Saturday, January 13, 2007

The strange case of Andrew Allerton

The executive committee of SQA met earlier this week to consider its response to the publicity surrounding the 1000 failed attempts of mechanical engineer Andrew Allerton of North Shields to obtain work.


Andrew Allerton


Mr. Allerton, aged 56, was made redundant from Electrak in Consett, County Durham in 2002. Since then he has spent £5000 on applying for jobs as an administrative assistant, bereavement counsellor, chauffer, draughtsman and, you guessed it, archivist.

The hapless job hunter has highly respectable qualifications in the form of an Open University degree in Mathematics and Technology, an HND in computer-aided engineering and a City and Guilds teaching certificate. However, press reports make no mention of his holding the postgraduate diploma in archive administration.

We asked SQA’s principal spokesman, Benedict Crumplethorne, to comment on this case.


Well, actually much depends on whether Mr. Allerton applied for a post requiring candidates to hold the professional qualification. Many employers, e.g. the Church of England National Institutions (see our earlier blog Job watch), appoint non-professionally qualified persons to archivist posts while the general public along with many employers and academics are unaware of the existence of a profession of qualified archivists. Could a qualified archivist be appointed as a mechanical engineer?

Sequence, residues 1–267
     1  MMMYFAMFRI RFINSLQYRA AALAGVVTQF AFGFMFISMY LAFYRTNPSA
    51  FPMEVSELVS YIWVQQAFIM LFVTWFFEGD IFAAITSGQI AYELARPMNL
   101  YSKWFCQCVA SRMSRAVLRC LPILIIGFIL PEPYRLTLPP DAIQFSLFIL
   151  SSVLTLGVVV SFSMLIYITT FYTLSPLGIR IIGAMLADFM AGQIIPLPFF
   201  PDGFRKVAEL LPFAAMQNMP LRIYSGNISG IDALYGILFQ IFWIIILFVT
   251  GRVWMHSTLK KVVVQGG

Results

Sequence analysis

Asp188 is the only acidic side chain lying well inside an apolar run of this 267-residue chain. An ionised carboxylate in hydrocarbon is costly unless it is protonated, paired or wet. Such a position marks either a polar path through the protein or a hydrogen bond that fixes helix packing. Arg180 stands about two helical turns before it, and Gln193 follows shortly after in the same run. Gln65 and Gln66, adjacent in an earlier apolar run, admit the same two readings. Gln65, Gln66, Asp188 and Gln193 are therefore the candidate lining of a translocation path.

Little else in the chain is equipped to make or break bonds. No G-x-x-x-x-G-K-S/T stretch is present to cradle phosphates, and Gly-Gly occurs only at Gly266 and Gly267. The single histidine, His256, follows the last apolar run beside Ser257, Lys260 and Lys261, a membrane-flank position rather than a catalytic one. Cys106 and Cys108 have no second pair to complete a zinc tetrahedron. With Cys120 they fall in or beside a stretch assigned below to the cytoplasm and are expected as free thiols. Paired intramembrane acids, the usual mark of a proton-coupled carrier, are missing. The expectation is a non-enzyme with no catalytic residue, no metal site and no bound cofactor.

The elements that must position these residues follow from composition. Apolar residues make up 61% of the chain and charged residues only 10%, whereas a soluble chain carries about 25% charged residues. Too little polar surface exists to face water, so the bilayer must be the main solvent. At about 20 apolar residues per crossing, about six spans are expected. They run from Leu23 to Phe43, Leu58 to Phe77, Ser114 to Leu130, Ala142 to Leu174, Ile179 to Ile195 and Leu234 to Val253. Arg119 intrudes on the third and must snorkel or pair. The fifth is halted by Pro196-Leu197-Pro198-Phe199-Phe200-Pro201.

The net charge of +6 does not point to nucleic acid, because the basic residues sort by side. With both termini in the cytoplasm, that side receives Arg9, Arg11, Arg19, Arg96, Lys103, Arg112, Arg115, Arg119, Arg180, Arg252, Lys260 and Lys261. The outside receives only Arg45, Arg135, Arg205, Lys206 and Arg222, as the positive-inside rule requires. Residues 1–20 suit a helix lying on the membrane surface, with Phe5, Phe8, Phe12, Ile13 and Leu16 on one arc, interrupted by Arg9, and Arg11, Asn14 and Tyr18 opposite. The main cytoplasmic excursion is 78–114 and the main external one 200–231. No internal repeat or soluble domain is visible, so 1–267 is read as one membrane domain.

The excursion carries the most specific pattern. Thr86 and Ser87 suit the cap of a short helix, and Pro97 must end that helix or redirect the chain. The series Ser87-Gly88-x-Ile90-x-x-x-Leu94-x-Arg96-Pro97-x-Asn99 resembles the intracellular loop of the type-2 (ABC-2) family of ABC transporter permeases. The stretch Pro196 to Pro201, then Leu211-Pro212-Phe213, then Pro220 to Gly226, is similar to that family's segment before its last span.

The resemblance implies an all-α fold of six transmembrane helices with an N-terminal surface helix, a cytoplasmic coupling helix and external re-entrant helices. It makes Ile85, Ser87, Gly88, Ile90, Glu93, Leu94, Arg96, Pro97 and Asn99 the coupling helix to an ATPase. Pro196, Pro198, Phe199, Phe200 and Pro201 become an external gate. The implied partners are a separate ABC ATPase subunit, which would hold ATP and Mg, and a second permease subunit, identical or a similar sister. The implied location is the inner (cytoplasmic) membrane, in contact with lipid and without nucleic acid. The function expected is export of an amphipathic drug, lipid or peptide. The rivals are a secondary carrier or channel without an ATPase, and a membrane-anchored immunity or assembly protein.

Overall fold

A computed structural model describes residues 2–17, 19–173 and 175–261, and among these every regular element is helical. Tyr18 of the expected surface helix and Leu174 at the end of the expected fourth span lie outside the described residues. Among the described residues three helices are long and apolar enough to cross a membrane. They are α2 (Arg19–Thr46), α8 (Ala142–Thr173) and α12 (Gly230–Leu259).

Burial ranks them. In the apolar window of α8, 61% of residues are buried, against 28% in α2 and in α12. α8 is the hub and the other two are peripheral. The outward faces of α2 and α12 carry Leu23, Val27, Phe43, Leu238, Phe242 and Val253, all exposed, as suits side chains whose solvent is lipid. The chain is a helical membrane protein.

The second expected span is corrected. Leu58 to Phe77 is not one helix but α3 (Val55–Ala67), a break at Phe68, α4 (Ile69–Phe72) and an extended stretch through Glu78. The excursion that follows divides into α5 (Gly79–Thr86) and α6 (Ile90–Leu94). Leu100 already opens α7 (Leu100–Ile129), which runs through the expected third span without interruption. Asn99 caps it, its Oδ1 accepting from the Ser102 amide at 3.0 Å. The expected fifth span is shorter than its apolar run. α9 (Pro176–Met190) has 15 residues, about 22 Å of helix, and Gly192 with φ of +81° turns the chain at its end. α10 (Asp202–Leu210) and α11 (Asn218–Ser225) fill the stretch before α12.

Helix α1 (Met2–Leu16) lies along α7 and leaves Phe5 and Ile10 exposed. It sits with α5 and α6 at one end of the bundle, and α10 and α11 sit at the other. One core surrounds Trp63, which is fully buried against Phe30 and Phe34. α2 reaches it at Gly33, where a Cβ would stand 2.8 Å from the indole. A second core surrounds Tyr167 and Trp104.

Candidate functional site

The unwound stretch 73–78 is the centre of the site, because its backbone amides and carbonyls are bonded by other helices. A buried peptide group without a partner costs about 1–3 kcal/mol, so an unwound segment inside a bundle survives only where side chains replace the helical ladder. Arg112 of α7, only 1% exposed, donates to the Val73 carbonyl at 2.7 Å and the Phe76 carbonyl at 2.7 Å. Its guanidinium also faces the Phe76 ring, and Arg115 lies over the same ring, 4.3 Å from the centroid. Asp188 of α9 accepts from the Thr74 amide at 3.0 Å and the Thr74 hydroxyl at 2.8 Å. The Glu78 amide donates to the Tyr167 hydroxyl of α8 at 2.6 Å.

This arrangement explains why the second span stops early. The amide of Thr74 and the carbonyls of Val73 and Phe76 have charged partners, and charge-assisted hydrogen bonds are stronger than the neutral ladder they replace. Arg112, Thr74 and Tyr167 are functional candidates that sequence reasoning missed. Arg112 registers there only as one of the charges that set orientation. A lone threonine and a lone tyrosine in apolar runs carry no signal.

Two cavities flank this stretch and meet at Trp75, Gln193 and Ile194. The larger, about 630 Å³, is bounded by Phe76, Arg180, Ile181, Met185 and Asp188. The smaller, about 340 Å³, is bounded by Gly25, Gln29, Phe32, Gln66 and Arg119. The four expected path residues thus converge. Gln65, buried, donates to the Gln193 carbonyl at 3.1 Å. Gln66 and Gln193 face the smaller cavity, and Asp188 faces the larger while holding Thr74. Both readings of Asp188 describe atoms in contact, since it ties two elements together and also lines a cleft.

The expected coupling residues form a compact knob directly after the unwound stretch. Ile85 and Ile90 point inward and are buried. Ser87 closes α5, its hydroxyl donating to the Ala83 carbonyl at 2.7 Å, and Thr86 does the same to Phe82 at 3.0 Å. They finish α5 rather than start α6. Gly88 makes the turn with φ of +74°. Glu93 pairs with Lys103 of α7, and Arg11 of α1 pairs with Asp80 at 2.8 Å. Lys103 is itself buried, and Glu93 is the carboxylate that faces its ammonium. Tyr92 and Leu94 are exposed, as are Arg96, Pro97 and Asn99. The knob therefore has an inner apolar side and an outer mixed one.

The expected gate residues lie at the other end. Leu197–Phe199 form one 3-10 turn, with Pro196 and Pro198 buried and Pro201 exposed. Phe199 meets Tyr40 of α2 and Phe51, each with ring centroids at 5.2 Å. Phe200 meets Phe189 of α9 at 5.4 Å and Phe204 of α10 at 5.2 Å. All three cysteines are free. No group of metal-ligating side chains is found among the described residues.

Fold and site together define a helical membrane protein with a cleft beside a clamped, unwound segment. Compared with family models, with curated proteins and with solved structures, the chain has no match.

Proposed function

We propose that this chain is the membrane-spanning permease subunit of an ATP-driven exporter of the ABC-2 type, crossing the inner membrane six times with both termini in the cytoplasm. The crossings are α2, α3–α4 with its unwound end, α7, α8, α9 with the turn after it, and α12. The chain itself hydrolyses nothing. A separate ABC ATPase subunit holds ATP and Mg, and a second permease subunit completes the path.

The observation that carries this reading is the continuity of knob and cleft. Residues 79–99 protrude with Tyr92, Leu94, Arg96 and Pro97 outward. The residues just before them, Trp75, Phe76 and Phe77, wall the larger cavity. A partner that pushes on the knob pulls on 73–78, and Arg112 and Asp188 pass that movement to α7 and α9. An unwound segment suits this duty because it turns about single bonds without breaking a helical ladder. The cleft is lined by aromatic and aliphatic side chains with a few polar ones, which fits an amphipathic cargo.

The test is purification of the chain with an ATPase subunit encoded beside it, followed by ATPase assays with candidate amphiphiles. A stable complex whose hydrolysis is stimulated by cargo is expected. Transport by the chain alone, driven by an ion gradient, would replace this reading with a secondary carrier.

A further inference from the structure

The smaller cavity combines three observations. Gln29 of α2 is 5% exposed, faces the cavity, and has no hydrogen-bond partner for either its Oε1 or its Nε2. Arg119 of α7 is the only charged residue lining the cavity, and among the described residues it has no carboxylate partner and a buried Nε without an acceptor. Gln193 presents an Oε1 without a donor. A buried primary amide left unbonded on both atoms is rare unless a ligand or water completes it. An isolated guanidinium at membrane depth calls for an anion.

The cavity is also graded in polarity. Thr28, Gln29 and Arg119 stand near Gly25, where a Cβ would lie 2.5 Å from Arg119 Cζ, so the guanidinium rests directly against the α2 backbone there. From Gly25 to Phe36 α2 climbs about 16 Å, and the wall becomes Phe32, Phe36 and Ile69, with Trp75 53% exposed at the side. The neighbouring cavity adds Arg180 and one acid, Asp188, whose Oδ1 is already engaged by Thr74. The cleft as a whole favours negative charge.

I am not clear as to whether Mr. Allerton applied for a post requiring the post holder to be a qualified archivist or whether we are dealing with a situation in which the term is wholly misapplied. If the former, we can understand why he was rejected as being professionally unqualified, if the latter he would have been up against large numbers of equally unqualified applicants.

The moral is that to apply for an archivist post and stand a reasonable chance of being short-listed, it is best to obtain the postgraduate archives qualification first. We must also ask whether Mr. Allerton undertook any voluntary work in a record office before applying for a position as an archivist. Conceivably, this might lead to a successful application subject to his giving an undertaking to enrol on the University of Wales distance-learning course.

This notwithstanding, it is a disgrace that unsuccessful candidates for public sector jobs do not receive a letter. I understand the case for economies but in principle Mr. Allerton has a point and rightly feels unvalued. I am reminded of the case of the unsuccessful candidate out of the two candidates for the post of county archivist of Cornwall in succession to Christine North several years ago. He didn’t receive a letter of rejection either. Silly fool, he should have known! (see also Tips for Employers)

I conclude my remarks by asking Mr. Allerton to email us with information concerning the post he applied for. We may be able to offer him further helpful advice.

The final word has to go to our outspoken member Ellison Millinocket, who is not to be outdone when it comes to controversy.

Benedict recommends voluntary work as a route into the profession. I couldn't agree more. May I suggest Mr. Allerton offers his services to Tyne and Wear Archives? He can assist them in finding Sunderland City Council's lost charter! (See our earlier blog Historic Charter Goes Missing)



Further reading

Metro

This is London

Newcastle Evening Chronicle

The Daily Mail

The Daily Mirror

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